Adventure Gamers Awards
The interface is similarly basic. Moving the mouse pulls Ann around the screen, like a cat chasing an unseen laser pointer. Left-clicking (and sometimes holding the button down while you move) interacts with hotspots, though you won't know what things are interactive until you try, and right-clicking brings up a menu to adjust settings or exit. Your interactions feel very physical, from clicking switches and turning knobs with a tentacle to flying around to herd glowflies. There's no inventory as such, although on a few occasions you do gather objects from the environment. To use these in the same area, you can click and hold to grab them in your tentacles and fly them where they need to go. If used elsewhere, a giant mechanical claw crane swoops down from the sky to whisk them away and then returns them to you when required. Sometimes you'll need to go to a shop that exchanges some of the objects you've gathered for others.
This all works well for the most part, although some areas can be tricky to navigate because they have several layers. You mostly fly around at the same depth, but sometimes you need to get at things that are further back on a more distant plane. At one point in a church, for example, I initially flew right past a chain that I needed to pull, taking a while to realise that I had to first go to a particular spot to make Ann fly deeper into the structure to access it. One of the low points of the game (at least for me) was having to navigate an ice maze covering a ruined city to get a part I needed. This involved several layers of ice with only subtle distinctions to show where the boundaries were, no obvious way to find how to get from layer to layer, and not even any clear indication of which layer the part I needed was actually on. Fortunately, such frustrations are the exception rather than the rule.
That sequence is, however, part of a more general issue with this type of exploration-based gameplay: it's not always apparent what you can interact with, what you can then do with it, or even what kinds of steps might be useful to take. It's to Dark Train's credit that I didn't often get stuck, but every so often it took me a while to realise that (for example) flying past those stars in the sky would let me draw shapes in the constellations, and that doing so might be a useful thing to do.
In a world that's this whimsical and strange, where pretty much anything can happen, I'd really have appreciated some kind of system that subtly highlighted points I'd missed. When you're expected to hang the moon in the sky, then find a way to cast its image on the lake below, all in order to complete the scene and trigger something else unexpected to happen, a little guidance here and there would have gone a long way. Then again, this isn't a game for those in a hurry: although you could probably get through it in less than two hours if you knew exactly what you were doing, it took me more like five to explore it all, and I rarely felt like I was just spinning my wheels.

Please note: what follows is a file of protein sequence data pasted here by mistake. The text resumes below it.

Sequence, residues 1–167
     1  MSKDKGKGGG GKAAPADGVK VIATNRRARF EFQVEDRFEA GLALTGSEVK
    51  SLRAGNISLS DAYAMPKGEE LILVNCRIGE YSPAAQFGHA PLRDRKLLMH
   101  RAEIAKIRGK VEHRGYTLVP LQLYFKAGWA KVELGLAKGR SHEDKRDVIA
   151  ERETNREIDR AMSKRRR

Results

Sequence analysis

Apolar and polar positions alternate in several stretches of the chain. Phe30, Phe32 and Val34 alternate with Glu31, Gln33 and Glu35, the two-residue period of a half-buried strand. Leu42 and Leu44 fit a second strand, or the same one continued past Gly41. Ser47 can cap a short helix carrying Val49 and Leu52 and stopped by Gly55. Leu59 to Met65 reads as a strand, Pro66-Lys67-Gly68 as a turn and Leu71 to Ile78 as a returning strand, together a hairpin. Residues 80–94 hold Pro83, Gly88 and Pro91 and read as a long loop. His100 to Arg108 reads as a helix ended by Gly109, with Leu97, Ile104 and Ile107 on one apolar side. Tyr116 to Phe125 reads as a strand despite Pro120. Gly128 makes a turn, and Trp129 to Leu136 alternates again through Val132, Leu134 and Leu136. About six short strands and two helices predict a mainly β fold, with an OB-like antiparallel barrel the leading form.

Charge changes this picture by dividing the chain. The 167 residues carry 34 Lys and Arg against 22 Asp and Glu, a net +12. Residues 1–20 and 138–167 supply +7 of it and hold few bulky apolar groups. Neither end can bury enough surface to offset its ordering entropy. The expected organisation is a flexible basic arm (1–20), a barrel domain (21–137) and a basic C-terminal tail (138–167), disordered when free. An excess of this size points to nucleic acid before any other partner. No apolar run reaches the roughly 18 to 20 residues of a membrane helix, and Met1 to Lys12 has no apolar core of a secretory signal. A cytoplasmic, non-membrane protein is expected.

Despite all the apparent randomness, there is nonetheless a sense of progression and purpose. The train starts out more or less completely non-functional, and it's your job to first get it moving, and then to get more and more of its systems working, finding ways to achieve tasks like replenish the batteries or water supply before other challenges come along for you to overcome. Through experimentation, these objectives become puzzles to solve as you work out the logic behind what you see and plan out ways to make something happen.
Sometimes these tasks are almost mundane, such as operating an ironworks to cast parts you need elsewhere, while others involve hunting down a vampire bat for its jewelled eye, shooting pieces of debris out of a tornado with bolts of lightning, and persuading a giant crab to play nutcracker. For the collectors out there, a number of screens also feature hidden (and sometimes tricky to obtain) boxes that reward you with blueprints for parts of the game.
Ultimately, Dark Train is (appropriately) about the journey, not the destination. Ann grows over time, evolving from initially struggling to get the train working to mastering its systems and occasionally helping out those she passes. She has a nest on board that gradually develops to feel like home, and she even gets a tattoo at one point. And all the while she's exploring the magical worlds inside the train, drawing Sputniks in the sky, getting chased by mechanical sharks, and playing a spider-silk harp.
At times it feels like you're acting out a play written in an alien language, meaningful in a way you don't quite understand; at others, it's enough just to play and be rewarded with the sight of the sun shining through an ice-encrusted church or a port city that looks a little like a steampunk Venice by moonlight. The world, too, is full of startling contrasts between a grey industrial reality with a strong flavour of Cold War Eastern Europe and an indoor fantasy world that is still often quite dark (what with the vampire bats and sharks) but can also be beautiful and allows Ann to exist unbound. These experiences, not simply getting to the end of the line, form the game's heart.
Dark Train is quite unlike anything else I've ever played, conjuring up a darkly magical vision of life beyond the Iron Curtain that could so easily have come across as grim and grey, but transcends that to showcase how wonder and imagination can still flourish, even in an industrial wasteland dominated by work and duty. It can perhaps be a little too abstract at times, leaving you confused and directionless, and its meaning is for you to decide, but the experience is undeniably memorable and enchanting. If you're in the mood to be taken somewhere new and different, I can definitely recommend boarding the Dark Train.